* TSX up 26.01 points, or 0.2 percent, at 12,942.64
* Resource shares rebound, lifts index from near-week low (Updates to close, adds quote)
By Jennifer Kwan
TORONTO, Nov 10 (Reuters) - Toronto’s main stock index ended higher after a volatile session on Wednesday as strength in the price of oil and gold helped to lift the market’s hefty commodity-linked issues.
The energy and materials sectors, both down substantially in early trade, recovered to gain 0.3 percent and 0.6 percent, respectively.
U.S. crude oil futures rose to a 25-month high on government data that showed a surprise drawdown in inventories last week. Gold prices were also firmer. [O/R] [GOL/]
Elvis Picardo, analyst and strategist at Global Securities in Vancouver, said commodity prices likely got a boost as the U.S. dollar trimmed gains. [FRX/]
“Earlier in the day, the U.S. dollar was fairly strong because of concerns over European debt. These concerns have resurfaced in recent days so the U.S. dollar had strengthened on the back of that,” he said.
“Those concerns at this point in time have receded a little bit. The U.S. dollar has also pared gains so commodities have recovered on the back of less strength in the U.S. dollar.”
The Toronto Stock Exchange’s S&P/TSX composite index .GSPTSE finished up 26.01 points, or 0.2 percent, at 12,942.64, with seven of its 10 main groups higher.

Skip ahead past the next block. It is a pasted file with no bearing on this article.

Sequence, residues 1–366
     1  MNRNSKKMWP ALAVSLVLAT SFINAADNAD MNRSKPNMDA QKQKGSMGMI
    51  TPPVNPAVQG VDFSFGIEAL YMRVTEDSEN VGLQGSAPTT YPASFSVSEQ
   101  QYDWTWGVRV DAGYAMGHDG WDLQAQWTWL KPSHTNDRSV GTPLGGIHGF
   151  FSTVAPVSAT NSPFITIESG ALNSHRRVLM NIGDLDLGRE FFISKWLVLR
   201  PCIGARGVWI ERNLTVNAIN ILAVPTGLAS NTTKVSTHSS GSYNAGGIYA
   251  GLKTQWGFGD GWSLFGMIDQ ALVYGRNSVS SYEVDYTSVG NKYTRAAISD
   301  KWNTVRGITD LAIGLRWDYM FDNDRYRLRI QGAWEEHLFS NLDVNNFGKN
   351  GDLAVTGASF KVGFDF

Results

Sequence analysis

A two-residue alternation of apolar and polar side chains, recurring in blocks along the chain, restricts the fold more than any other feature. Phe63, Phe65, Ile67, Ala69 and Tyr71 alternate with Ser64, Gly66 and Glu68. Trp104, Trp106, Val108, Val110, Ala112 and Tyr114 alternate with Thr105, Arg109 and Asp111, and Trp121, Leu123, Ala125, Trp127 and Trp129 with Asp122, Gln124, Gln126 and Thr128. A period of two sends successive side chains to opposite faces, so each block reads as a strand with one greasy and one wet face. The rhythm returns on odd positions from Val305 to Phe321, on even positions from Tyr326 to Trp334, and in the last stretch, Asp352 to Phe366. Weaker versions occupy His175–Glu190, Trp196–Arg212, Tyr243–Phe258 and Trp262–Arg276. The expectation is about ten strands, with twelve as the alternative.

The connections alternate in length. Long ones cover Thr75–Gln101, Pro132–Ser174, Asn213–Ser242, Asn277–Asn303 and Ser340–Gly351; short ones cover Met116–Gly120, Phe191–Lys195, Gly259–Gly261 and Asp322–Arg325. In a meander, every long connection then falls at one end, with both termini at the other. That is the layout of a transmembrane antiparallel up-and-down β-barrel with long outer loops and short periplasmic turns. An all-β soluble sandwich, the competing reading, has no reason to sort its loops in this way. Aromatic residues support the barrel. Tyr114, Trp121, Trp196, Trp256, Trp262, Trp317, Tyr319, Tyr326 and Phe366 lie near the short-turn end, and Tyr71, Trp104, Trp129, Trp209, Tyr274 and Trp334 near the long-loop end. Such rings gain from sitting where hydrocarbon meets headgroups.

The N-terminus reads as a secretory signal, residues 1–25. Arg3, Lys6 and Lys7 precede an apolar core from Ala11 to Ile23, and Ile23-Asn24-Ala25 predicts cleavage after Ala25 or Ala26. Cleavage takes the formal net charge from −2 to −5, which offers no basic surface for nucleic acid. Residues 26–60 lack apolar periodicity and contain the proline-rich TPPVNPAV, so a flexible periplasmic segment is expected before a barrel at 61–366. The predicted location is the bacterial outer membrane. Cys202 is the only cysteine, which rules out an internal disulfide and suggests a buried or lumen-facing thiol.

Earlier, the TSX index dropped 1 percent to 12,786.97, its weakest level since Nov. 4.
Financials fell 0.3 percent, hurt by European debt concerns. Ireland’s high debt burden led investors in Europe to seek shelter in German bunds, which also helped push the euro lower against the dollar for a fourth straight day. [MKTS/GLOB]
“If those debt concerns come back to haunt the markets it’s going to have a broad impact on a lot of economies. Even though Canada is not directly affected by what goes on in Europe it does affect investor sentiment,” said Picardo.
Royal Bank of Canada (RY.TO), Canada’s biggest lender, also got caught up in the negative mood, dropping 0.3 percent to C$54.25.
RBC’s shares could be pressured if the bank is labeled “too big to fail”, as the Financial Times newspaper suggested on Wednesday, but analysts says it is unlikely that RBC would ultimately be at a disadvantage versus its domestic rivals. [ID:nN10186099]
Apart from European debt levels, slower than expected import data from China, concerns about the U.S. Federal Reserve’s asset purchases and the upcoming Group of 20 summit in Seoul were some of the other factors weighing on investors’ minds.
$1=$1.00 Canadian Editing by Jeffrey Hodgson